General Etiquette > Life...in general

Your friend's work was shocking

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paintpots:
I'm in a bit of a quandary, and since Ehellions seem to be very good at this sort of thing, I thought I'd run it past you.

BG: BF and I are currently doing some fairly heavy renovation work to a house we've just bought - knocking down walls, replastering etc. Before we got started on anything serious, we were advised to sort out the electrics and put in any additional sockets we needed, which we decided to do. In the UK, you can do your electrical wiring yourself (and both of our parents have done this), but you have to get it checked and signed off by a registered electrician if you ever want to sell your house, so we decided to get an electrician to do all the work for us.

I asked around colleagues etc. for recommendations for electricians (as well as all the other people we need), and one of my colleagues recommended* her neighbour (an electrician) to me. He came around, we discussed all the things we wanted done, and he sent over a quote (we also got a quote from another electrician). His came out cheaper, (partially as a consequence of being not registered to charged VAT/sales tax) and he seemed like a nice chap, so we decided to go ahead.

He turned up on the day/time as promised, and at the end of the first day everything looked good (floorboards up etc). I bet you can see where this is going...

To cut a long story short he did an appalling job. He took 8 weeks (being chased regularly) to fit 9 sockets, and then proceeded to harangue us with increasingly threatening requests for payment before he had even finished. Worse still, when he claimed he had finished, BF (who is an engineer btw, as are both our dads) inspected what he'd done and found that some of it was actually illegal, not to mention unsafe (think wires stuck together with duct tape). He also left large unfilled holes around the sockets - BF was livid, but admittedly electrician hadn't promised to 'make good' the walls in his quote so unfortunately we couldn't argue this point.  Fortunately for us, he was registered, and had stupidly issued a certificate for his work stating it was up to regulation. We rang up his registering body and explained what he had done (don't know what happens at that point..).

BF explained this all to the electrician who promptly became v. apologetic and gave some feeble excuses and promised to 'adjust' the work 'to our requests' that afternoon - which he did (it's all safe now-phew), and we did pay him, although not the extra 90 he decided to charge us for running a cable under the floor. We've learnt our lesson not to use recommendations unless they've actually done work for the person recommending, and fortunately all our subsequent contractors have been fantastic.

So now to my quandary:

My colleague (who I am very fond of and is a bit of a lifesaver workwise in preserving my sanity) recommended him to me in all good faith, but I really don't want her to carry on 'recommending' him to anyone else after the experience we've had. However, he is her next door neighbour, and clearly a good friend - only the other day she posted on fbook about how she'd had such a lovely evening with him and his family. He was very charming and she's very sociable, so I can why they would get on - and I really don't want to make her feel awkward, as we're never going to see him again, while she will regularly.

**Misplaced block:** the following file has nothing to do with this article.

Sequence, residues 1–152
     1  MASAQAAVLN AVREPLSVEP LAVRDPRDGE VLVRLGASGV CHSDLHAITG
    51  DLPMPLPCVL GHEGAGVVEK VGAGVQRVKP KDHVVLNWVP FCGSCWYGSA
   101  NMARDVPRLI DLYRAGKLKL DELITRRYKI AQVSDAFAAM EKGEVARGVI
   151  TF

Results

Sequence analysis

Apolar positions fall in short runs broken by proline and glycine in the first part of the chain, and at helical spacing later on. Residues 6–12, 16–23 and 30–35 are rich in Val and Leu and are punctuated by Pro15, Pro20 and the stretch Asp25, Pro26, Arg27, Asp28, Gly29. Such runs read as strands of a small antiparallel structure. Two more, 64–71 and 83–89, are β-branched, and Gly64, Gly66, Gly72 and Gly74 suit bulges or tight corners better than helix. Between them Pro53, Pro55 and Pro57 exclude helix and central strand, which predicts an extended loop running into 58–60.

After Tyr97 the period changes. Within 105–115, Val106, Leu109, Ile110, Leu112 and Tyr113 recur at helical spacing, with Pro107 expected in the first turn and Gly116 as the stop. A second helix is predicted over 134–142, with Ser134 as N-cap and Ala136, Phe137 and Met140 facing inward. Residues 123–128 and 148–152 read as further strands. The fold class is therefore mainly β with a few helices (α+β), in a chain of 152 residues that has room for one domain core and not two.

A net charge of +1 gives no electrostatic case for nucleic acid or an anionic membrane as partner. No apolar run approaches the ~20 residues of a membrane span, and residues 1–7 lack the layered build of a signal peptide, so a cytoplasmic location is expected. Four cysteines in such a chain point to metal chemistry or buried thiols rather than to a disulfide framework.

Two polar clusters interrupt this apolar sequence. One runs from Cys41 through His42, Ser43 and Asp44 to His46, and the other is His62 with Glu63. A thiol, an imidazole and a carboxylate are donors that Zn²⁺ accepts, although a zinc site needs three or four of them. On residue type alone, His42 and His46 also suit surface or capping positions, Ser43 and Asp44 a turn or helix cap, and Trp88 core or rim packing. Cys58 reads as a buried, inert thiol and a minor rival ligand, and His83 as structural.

Should I tell her about our experience? If so, how? I don't see her very often, and I'm not entirely sure how to bring it up. We usually meet up for lunch with another colleague once a month or so (and I did tell other colleague about our experience), so it's not the best forum. I did bump into her last week, and I suspect she may have known something because she did ask me about the house, but I chickened out. Help me steel my spine!!

*I say recommended - I think she did say she couldn't speak from experience but that he was a really nice bloke and very trustworthy. He knew that I work with colleague.

Shoo:
I think that if she asks you how things went, you should be honest.  But I wouldn't go out of my way to bring it up with her.

cicero:
I would. and I have. a friend of mine recommended a handyman to me, "he's amazing" she said. yes, amazingly incompetent... He left a mess, he didn't do a good job, he wanted me to pay him in cash/no receipt so he wouldn't have to pay income tax and VAT, and when i insisted on a reciept he changed the original price...

I told my friend that the receipt issue bothered me, and while I understood that she was happy with him, i wasn't overly impressed with his work.

doodlemor:
As this is a safety issue, I think that you need to tell her.  You wouldn't want your friend or someone else who used him on her recommendation to have a fire.

As some point, when the job is over, I think that you should bring this up if she hasn't already asked.  You could say......"I are sorry to have to say this, but DF and I had a lot of problems with your neighbor."  Then just give her the facts in a non judgmental voice.

oceanus:

--- Quote from: doodlemor on January 21, 2013, 02:38:36 PM ---As this is a safety issue, I think that you need to tell her.  You wouldn't want your friend or someone else who used him on her recommendation to have a fire.

As some point, when the job is over, I think that you should bring this up if she hasn't already asked.  You could say......"I are sorry to have to say this, but DF and I had a lot of problems with your neighbor."  Then just give her the facts in a non judgmental voice.

--- End quote ---

This.

While he may have been "nice", a lot of "nice" people are incompetent.  Also sounds like he was a PITA to deal with.

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